Skip to main content

Someone new to birding asked here on a recent Sunday morning if anyone could offer some tips about bird identification -- what should you look for if you only have a brief glimpse to take in details? Our regular Dawn Chorus host, lineatus, responded that body shape was the best place to start. I agree with that 100%. And once you get a handle on basic body shapes, birds' bills (or beaks) can also provide some guidance. Join me in taking a look at some bills that can help tell this tale.

Since eating food is a basic element of life for every species, it will come as no surprise that birds have evolved to take advantage of the food sources in their habitats. And those food sources, in turn, have dictated the evolutionary processes that produce the bills we see in birds -- bills that are exquisitely designed to acquire the food they need to survive. In short, bird bills have jobs -- they skim, they probe, they spear, they scavenge -- they do what each species needs them to do to complete the all-important task of transferring food into energy.

Like overall body shapes, bird bills can help you identify birds and at least minimally narrow the range of possibilities when you see a bird in the field. Just last weekend, I was photographing birds in poor light in an area that was rife with warblers. Looking at my photos later, the silhouette images I saw told me immediately that these were no warblers. Even though the images were dark, the conical bills told me right away that what I'd captured were some sort of seed eaters and not warblers. Bills can be a really useful ID tool even in poor light.

To see what I mean, I've posted a chart below (taken from Wikipedia) that shows the differences between bills and identifies the main job those bills do. Following that are some photos I've taken that illustrate different birds with these bill types. I hope all the Dawn Chorus folks with photos to share that further show these bill differences will join in and share some examples!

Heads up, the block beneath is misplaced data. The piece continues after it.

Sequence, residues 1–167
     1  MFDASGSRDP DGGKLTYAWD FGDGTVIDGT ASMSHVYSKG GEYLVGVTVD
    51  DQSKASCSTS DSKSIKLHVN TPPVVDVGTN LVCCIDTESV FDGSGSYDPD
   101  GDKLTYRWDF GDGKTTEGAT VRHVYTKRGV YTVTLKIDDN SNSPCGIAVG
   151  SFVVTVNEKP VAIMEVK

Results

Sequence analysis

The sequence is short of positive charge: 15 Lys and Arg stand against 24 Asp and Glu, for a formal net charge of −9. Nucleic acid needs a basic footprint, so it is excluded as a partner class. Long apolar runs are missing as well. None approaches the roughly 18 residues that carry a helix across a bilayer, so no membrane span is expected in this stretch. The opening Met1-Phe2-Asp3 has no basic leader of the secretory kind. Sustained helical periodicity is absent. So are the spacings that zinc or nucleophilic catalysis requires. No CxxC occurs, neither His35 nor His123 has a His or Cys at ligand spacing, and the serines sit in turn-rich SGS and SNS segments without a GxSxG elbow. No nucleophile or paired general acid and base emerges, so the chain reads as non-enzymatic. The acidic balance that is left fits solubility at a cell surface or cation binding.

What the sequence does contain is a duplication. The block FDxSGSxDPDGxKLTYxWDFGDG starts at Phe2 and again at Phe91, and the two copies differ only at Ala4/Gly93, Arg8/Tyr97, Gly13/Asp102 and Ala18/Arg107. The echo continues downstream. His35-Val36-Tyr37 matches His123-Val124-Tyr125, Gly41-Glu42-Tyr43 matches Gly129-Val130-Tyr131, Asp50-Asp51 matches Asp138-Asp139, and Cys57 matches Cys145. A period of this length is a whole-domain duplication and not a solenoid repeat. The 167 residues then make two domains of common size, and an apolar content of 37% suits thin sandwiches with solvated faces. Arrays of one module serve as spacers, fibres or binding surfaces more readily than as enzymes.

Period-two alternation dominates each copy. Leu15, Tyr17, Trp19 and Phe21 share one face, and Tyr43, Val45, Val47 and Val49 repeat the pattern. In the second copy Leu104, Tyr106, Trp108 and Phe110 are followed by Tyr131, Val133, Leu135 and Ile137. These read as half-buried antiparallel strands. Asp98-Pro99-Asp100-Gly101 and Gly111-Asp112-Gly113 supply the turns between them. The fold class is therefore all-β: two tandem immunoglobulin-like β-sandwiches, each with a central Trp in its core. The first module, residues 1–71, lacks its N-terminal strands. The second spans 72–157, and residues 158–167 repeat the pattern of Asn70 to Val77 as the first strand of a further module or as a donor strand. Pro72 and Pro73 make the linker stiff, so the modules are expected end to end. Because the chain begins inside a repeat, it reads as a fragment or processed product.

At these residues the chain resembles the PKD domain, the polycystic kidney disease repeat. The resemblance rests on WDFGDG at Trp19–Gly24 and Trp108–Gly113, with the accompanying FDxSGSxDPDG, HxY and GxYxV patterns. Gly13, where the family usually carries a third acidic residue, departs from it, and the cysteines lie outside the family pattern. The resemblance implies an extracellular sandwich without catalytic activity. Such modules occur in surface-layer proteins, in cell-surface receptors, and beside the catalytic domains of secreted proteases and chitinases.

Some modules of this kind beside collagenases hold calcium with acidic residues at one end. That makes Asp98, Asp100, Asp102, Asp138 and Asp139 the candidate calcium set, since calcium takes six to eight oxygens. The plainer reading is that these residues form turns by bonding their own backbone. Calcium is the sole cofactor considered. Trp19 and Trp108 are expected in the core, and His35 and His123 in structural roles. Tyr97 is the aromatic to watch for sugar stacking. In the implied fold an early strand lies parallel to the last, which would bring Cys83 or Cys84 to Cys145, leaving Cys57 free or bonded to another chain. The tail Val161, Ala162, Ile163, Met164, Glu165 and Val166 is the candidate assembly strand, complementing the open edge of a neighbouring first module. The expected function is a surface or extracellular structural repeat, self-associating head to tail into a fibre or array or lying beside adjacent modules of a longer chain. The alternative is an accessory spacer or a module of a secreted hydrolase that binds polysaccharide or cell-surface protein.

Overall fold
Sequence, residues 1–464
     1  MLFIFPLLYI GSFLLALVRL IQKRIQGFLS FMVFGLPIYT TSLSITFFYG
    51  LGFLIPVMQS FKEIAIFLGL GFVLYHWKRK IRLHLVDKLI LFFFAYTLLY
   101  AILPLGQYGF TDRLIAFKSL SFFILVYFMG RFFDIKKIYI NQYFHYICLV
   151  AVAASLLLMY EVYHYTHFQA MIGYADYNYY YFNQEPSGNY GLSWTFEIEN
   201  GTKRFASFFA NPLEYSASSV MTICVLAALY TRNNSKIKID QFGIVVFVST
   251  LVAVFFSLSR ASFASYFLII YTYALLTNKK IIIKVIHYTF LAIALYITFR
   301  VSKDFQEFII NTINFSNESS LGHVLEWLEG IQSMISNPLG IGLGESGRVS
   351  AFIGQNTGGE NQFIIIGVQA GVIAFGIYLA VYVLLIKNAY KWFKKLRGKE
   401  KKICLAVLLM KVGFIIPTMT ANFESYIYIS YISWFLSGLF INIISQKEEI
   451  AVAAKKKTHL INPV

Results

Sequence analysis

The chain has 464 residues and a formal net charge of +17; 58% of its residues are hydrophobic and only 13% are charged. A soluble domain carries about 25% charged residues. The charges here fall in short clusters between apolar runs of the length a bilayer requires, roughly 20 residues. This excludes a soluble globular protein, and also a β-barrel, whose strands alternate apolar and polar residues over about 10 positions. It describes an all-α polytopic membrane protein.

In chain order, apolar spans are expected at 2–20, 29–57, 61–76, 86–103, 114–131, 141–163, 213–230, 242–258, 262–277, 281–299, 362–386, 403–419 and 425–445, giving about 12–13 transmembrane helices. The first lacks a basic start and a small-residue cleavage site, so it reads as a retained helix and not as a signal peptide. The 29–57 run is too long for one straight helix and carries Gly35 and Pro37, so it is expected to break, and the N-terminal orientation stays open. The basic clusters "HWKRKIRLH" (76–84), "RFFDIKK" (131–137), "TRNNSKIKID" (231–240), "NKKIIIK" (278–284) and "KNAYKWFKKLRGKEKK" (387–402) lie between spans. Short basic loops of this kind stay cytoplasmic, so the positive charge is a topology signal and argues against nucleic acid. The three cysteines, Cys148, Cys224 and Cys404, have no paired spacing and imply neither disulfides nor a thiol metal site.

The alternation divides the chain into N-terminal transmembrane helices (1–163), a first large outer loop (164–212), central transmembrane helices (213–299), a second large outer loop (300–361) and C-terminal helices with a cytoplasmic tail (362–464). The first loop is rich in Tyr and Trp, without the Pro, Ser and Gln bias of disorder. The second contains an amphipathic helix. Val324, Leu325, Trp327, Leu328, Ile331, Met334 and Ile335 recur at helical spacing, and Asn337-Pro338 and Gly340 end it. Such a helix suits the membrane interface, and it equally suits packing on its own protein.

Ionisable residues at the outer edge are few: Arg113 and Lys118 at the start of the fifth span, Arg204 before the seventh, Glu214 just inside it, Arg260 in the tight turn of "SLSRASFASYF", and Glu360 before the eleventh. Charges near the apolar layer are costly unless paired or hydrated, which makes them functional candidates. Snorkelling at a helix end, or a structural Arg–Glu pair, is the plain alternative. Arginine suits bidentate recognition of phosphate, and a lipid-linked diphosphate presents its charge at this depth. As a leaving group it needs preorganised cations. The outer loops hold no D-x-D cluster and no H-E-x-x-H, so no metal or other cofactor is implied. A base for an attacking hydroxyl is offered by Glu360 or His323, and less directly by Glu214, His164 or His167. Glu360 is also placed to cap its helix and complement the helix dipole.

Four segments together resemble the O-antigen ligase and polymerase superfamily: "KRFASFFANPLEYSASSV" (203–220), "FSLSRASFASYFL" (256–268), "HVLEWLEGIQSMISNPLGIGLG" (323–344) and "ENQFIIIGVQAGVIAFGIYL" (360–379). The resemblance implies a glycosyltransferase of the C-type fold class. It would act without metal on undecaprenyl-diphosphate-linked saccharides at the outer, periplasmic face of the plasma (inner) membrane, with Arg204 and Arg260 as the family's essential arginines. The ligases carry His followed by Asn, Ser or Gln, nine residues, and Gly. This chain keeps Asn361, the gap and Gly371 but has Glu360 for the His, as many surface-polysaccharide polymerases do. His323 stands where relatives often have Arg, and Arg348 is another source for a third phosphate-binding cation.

Photo & Video Sharing by SmugMug

Following the descriptions used in the chart, here are some examples:

Nectar Feeders

Everyone knows this favorite nectar feeder. Hummingbirds have a long tongue inside that very long bill that allow them to take in nectar (and insects, by the way) very efficiently.

Photo & Video Sharing by SmugMug

Dip Netting

Pelicans dip, scoop and filter whatever they catch. Think kitchen colander with the pasta you just poured into it. These American Pelicans feed often in groups and motor along the water at a pretty good clip, dipping and bobbing. They look like giant sewing machines on steroids.

Photo & Video Sharing by SmugMug

Insect Catching

So prevalent are the insect-catching birds, there's a whole class of them in the birding world, the aptly-named Flycatchers. (Is class the right word, biology-wise? Or is it family? Yes, I'm asking you, matching mole:)

These birds regularly perch and then flit in the air and re-perch in the same spot. They're basically jumping out to catch insects in the air. (Flycatchers aren't the only group that eat insects; many, many birds do.)

Here's the familiar Black Phoebe, a favorite Flycatcher.

Photo & Video Sharing by SmugMug

And a Say's Phoebe, another Flycatcher, giving another good look at that bill.

Photo & Video Sharing by SmugMug

Here's another in the family, a Pacific Slope Flycatcher. Notice that the shape of their bills is very similar. Optimized for catching insects.

Photo & Video Sharing by SmugMug

And here's an insect-eater probably most familiar to all, the Northern Mockingbird.

Photo & Video Sharing by SmugMug

Grain Eaters

Grain or seed-eating birds have conical bills that are short and powerful for purposes of grinding. Think of the difference between your front teeth and incisors, which are great for biting and tearing, and your molars, which you need to grind and chew. Seed-eating birds need bills that act as molars. Needless to say, these seed eaters are the birds you see at feeders.

The American Goldfinch is common at feeders and they enjoy thistle seed more than anything else.

Photo & Video Sharing by SmugMug

The House Finch is perhaps the most common seed-eating bird in the United States and  is a regular at bird feeders. You can see how its bill is short and conical, perfect for crushing seeds.

House Finch

Scything

If you've ever seen a scythe, you know it's a long, curved tool that is swiped side-to-side to mow or cut grain. And that action perfectly describes birds that use their bills with that exact action to find food. The best example is the American Avocet with its long, upturned bill.